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Definitions There are three types of probability 1. Experimental Probability Experimental probability is based upon observations obtained from probability.

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Presentation on theme: "Definitions There are three types of probability 1. Experimental Probability Experimental probability is based upon observations obtained from probability."— Presentation transcript:

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2 Definitions There are three types of probability 1. Experimental Probability Experimental probability is based upon observations obtained from probability experiments. The experimental probability of an event E is the relative frequency of event E P(E) = Number of Event Occurrences Total Number of Observations

3 Definitions There are three types of probability 2. Theoretical Probability Theoretical probability is used when each outcome in a sample space is equally likely to occur. P(E) = Number of Event Outcomes Total Number of Possible Outcomes in S The Ultimate probability formula

4 Definitions There are three types of probability 3. Subjective Probability Subjective probability is a probability measure resulting from intuition, educated guesses, and estimates. Therefore, there is no formula to calculate it. Usually found by consulting an expert.

5 Conditional Probability Conditional probability is the probability of an event occurring, given that another event has already occurred. Conditional probability restricts the sample space. The conditional probability of event B occurring, given that event A has occurred, is denoted by P(B|A) and is read as “probability of B, given A.” We use conditional probability when two events occurring in sequence are not independent. In other words, the fact that the first event (event A) has occurred affects the probability that the second event (event B) will occur.

6 Conditional Probability Formula for Conditional Probability

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8 LET E AND F BE THE EVENTS OF SAMPLE SPACE S OF AN EXPERIMENT,THEN FIND THE VALUE OF 1. P(S/F) 2. P(F/F)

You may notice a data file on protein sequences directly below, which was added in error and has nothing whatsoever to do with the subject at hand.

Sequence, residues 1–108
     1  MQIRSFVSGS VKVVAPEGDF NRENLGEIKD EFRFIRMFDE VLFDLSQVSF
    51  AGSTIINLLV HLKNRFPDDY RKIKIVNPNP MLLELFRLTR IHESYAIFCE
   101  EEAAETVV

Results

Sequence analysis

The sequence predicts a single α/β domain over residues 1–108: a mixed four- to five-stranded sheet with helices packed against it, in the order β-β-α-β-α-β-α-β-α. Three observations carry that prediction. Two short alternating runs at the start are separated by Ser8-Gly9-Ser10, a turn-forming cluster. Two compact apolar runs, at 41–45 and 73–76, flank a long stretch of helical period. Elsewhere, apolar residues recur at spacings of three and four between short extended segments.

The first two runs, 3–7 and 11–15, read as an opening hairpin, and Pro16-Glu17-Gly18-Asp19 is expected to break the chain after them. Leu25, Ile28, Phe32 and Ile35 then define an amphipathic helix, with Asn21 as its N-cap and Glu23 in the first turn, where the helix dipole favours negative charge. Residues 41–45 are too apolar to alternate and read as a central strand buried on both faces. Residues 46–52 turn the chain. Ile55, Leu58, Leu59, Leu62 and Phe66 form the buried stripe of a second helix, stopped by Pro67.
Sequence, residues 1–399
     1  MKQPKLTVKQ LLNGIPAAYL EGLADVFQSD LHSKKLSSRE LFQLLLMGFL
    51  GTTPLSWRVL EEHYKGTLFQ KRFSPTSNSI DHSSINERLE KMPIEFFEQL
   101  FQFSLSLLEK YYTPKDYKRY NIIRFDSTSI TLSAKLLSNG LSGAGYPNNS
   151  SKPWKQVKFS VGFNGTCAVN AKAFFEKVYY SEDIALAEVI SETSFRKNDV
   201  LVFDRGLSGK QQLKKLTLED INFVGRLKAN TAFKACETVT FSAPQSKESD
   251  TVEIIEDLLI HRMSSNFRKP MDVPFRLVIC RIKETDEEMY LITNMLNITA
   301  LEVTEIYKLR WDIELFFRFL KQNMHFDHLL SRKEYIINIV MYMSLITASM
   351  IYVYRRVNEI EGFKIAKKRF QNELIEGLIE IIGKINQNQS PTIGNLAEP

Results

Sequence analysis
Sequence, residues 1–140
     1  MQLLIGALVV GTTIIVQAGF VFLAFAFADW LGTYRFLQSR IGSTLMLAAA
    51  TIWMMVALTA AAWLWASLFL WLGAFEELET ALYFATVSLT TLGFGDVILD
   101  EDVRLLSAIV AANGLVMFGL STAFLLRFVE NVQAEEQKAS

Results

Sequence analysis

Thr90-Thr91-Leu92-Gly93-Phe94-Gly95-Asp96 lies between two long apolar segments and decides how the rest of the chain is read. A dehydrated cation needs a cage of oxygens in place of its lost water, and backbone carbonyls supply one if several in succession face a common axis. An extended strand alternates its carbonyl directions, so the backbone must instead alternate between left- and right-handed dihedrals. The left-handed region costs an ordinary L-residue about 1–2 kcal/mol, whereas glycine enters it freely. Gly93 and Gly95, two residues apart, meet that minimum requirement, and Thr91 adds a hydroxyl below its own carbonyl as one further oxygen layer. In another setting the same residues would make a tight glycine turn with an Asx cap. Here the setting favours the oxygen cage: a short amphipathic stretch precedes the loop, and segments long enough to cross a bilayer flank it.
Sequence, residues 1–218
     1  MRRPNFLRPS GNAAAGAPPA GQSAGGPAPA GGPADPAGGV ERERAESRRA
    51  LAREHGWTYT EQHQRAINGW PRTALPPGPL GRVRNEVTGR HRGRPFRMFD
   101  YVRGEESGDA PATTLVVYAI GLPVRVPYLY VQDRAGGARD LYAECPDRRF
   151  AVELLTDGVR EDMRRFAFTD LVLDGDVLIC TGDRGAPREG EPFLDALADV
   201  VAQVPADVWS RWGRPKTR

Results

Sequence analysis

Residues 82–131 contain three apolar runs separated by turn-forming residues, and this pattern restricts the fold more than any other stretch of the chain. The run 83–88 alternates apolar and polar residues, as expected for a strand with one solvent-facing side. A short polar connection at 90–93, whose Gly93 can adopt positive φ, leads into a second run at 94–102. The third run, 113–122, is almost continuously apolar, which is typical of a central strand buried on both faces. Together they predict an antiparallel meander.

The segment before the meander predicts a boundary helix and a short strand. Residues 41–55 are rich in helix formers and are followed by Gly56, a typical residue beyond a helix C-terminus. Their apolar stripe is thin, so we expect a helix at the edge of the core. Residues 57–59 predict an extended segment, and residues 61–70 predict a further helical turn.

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10 A coin is tossed three times,where,E: Head on third toss,F: heads on the first two tosses,find P(E/F)

11 e.g. 1. The following table gives data on the type of car, grouped by petrol consumption, owned by 100 people. One person is selected at random Female Male HighMediumLow 100 Total L is the event “the person owns a low rated car”

12 Female Low Male e.g. 1. The following table gives data on the type of car, grouped by petrol consumption, owned by 100 people HighMedium One person is selected at random. L is the event “the person owns a low rated car” F is the event “a female is chosen”. 100 Total

13 Female Low Male e.g. 1. The following table gives data on the type of car, grouped by petrol consumption, owned by 100 people HighMedium One person is selected at random. L is the event “the person owns a low rated car” F is the event “a female is chosen”. 100 Total

14 Female Low Male e.g. 1. The following table gives data on the type of car, grouped by petrol consumption, owned by 100 people HighMedium One person is selected at random. L is the event “the person owns a low rated car” F is the event “a female is chosen”. There is no need for a Venn diagram or a formula to solve this type of problem. We just need to be careful which row or column we look at. Find (i) P (L) (ii) P (F  L)(iii) P (F L) 100 Total

15 (i) P (L) = Solution: Find (i) P (L) (ii) P (F  L)(iii) P (F L) Female 733Male TotalHighMediumLow Low

16 (i) P (L) = Solution: Find (i) P (L) (ii) P (F  L)(iii) P (F L) Female 73312Male HighMediumLow (ii) P (F  L) = The probability of selecting a female with a low rated car Total

17 (i) P (L) = Solution: Find (i) P (L) (ii) P (F  L)(iii) P (F L) Female 73312Male HighMediumLow (ii) P (F  L) = Total (iii) P (F L)  The probability of selecting a female given the car is low rated. We must be careful with the denominators in (ii) and (iii). Here we are given the car is low rated. We want the total of that column The sample space is restricted from 100 to 35.

18 (i) P (L) = Solution: Find (i) P (L) (ii) P (F  L)(iii) P (F L) Female 73312Male HighMediumLow (ii) P (F  L) = Total (iii) P (F L)  Notice that P (L)  P (F L) So, P (F  L) = P(F|L)  P (L) = P (F  L)

19 HOME WORK Compute P (A|B), if P (B) = 0.5 and P (A ∩ B) = 0.32 Let A and B be two events. If P (A) = 0.2, P (B) = 0.4, P (A ∪ B) = 0.6, then find P (A | B). A family has two children. What is the probability that both the children are boys given that at least one of them is a boy ?


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